During Zelaya’s four-year presidency, Honduras became a new hub in the international narcotics trade. Drug planes from Venezuela, the region’s biggest transshipment point, landed on a regular basis on Honduran highways and remote jungle landing strips. High-ranking officers in Venezuela’s Bolivarian Intelligence Service and the National Guard are accused of facilitating the flow of Colombian cocaine northward to the USA and eastward, across the Atlantic Ocean, to West Africa, where Al Qaeda operatives allegedly smuggle the stuff into the European Union.

During the 1980s Nicaraguan President Daniel Ortega and his Maoist interior minister, Tomas Borge, now ambassador to Peru, provided safe haven to the Medellin Cartel’s Pablo Escobar, thereby facilitating Moscow’s “red cocaine” plot against the USA. Ortega’s current involvement in the narcotics trade extends to the provision of safe haven for suspected agents of the Revolutionary Armed Forces of Colombia (FARC), which supplies 90 percent of the cocaine sold on US streets.

At the same time, the Sandinistas endeavor to obscure their complicity by carrying out high-profile drug busts, such as the arrest of three suspected members of Mexico’s Gulf Cartel in Nicaragua. According to National Police spokesperson Vilma Reyes, Carlos Alberto Gonzalez Pena was in charge of the cartel’s Nicaraguan cell. Along with Gonzalez, brothers Rony and Carlos Olivas Zavala were arrested. According to Nicaraguan authorities, the Gulf Cartel cell received orders from Juan Cordoba, Manuel Lopez, and Danilo Lopez, all three of whom are based in Guatemala and who are, in turn, supervised by an unidentified Honduran.

According to Nicaraguan Police legal affairs director Glenda Zavala, “The Gulf cartel cell was trying to organize a logistics network for smuggling drugs in Nicaragua. The suspects modified trucks and other vehicles, adding secret compartments used to smuggle drugs across international borders.” Another Gulf Cartel cell leader busted by Nicaraguan authorities in recent weeks was Gerardo Lazo Serrano.

Meanwhile, Colombia’ right-wing government, recently re-elected under the leadership of a new president, Juan Manuel Santos, outgoing president Alvaro Uribe’s former defense minister, remains a pariah among the region’s predominantly left-wing regimes.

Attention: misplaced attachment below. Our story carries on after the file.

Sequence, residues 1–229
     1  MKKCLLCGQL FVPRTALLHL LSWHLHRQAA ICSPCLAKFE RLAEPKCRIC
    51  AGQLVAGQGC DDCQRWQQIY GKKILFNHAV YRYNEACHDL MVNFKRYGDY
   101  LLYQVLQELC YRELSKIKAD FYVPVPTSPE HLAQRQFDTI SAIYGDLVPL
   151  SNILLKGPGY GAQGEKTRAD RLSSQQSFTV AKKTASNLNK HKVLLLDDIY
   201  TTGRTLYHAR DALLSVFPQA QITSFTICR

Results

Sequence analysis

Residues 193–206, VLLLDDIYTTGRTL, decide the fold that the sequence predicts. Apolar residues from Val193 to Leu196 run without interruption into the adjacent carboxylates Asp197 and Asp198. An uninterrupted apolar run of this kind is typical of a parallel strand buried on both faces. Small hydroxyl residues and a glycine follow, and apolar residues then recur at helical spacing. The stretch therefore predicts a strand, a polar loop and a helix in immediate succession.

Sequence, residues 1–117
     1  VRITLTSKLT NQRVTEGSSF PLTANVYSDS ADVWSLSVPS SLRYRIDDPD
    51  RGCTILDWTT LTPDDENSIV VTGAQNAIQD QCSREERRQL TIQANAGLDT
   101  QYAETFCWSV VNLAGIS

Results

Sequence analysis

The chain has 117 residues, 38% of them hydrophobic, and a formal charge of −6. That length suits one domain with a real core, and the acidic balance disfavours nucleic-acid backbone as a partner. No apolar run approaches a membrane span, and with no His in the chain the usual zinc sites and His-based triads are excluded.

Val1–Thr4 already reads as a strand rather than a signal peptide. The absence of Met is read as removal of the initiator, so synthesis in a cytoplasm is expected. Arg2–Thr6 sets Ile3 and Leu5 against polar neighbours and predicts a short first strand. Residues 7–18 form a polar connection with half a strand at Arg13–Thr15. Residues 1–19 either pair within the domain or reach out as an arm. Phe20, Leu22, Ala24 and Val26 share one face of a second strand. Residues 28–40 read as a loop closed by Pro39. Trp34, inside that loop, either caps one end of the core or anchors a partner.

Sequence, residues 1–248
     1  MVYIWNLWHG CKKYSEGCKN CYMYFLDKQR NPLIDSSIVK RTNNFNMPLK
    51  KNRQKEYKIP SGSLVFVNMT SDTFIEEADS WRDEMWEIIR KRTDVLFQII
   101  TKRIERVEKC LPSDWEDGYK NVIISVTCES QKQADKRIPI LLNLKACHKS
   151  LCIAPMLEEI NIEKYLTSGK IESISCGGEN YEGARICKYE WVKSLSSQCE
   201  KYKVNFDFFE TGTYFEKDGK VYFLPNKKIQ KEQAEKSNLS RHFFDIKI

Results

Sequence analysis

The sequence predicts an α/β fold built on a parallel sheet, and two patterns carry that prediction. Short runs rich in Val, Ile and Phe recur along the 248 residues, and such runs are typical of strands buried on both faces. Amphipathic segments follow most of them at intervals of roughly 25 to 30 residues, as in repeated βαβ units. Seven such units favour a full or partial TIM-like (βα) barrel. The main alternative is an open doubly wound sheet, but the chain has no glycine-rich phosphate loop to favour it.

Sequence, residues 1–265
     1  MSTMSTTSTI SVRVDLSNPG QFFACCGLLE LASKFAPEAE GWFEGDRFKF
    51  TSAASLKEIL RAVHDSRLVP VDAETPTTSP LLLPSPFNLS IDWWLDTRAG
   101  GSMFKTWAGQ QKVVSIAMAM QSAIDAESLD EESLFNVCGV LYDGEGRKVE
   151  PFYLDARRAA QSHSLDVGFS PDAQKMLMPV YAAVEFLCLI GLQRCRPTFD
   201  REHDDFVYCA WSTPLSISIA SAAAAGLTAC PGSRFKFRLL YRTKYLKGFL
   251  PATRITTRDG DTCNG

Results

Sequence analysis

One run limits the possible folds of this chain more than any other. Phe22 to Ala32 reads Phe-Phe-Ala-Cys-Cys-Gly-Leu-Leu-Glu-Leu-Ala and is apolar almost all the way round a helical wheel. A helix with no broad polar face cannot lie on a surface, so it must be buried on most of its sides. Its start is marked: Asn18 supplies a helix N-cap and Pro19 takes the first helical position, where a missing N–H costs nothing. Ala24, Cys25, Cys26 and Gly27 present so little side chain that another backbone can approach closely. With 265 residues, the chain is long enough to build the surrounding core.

In late June, for example, Ecuador’s socialist president, Rafael Correa, accused Colombia’s DAS spy agency of using a “mobile platform” in Quito to tap his telephone and those of his highest officials. Although Quito and Bogota recently patched up relations, severed in 2008 after Colombian security forces raided a FARC jungle camp in Ecuador, Correa complained to Sonorama radio: “We would have to again break off diplomatic relations with Colombia if they have been spying on the president of Ecuador [himself] and the Ecuadorian government, on our high officials . . . as the report states.” He also alleged: “Officials of the Ecuadorean consulate in Colombia have been bought and paid for with the full knowledge of Uribe and Santos.” Correa cited an article published in the Quito daily El Universo for substantiation.

In late July Nicaragua’s Sandinista president threatened to attack Colombia militarily if Bogota grants oil concessions to private companies in disputed waters around the islands of San Andres, Providencia, and Santa Catalina. In 2001 the International Court of Justice recognized Colombia’s claim to these islands, which are a popular resort destination, but made no decision regarding ownership of the surrounding waters. Ortega first pressed Nicaragua’s claims on this island group during his first dictatorship.

The Soviet strategists are not only supplying arms to FARC via Russian Mafia cells in Ecuador, but also are anxious to woo the Colombians into the Communist Bloc by peaceful deception, if possible. Last week, Moscow indicated that it was pleased with the resumption of diplomatic relations between Colombia and Venezuela, whose President Chavez is a slavish ally of Russia, for the second time since the March 2008 Andean Crisis. A press release from the Russian Foreign Ministry stated:

Russia has received with satisfaction the news about reestablishment of diplomatic relations between the Bolivarian Republic of Venezuela and the Republic of Colombia. We are convinced that this will help build relations between Caracas and Bogota in the spirit of good neighborhood and taking into account mutual concerns, as well as reinforcing peace and stability in Latin America, with which Russia actively increases its engagement.

In August 2009 Chavez “froze” relations with Bogota over the planned deployment of US counter-narcotics troops in Colombia, rumbling that Washington was preparing to invade Venezuela, and over the Colombian government’s accusations that Chavez was providing FARC with safe haven on Venezuelan soil.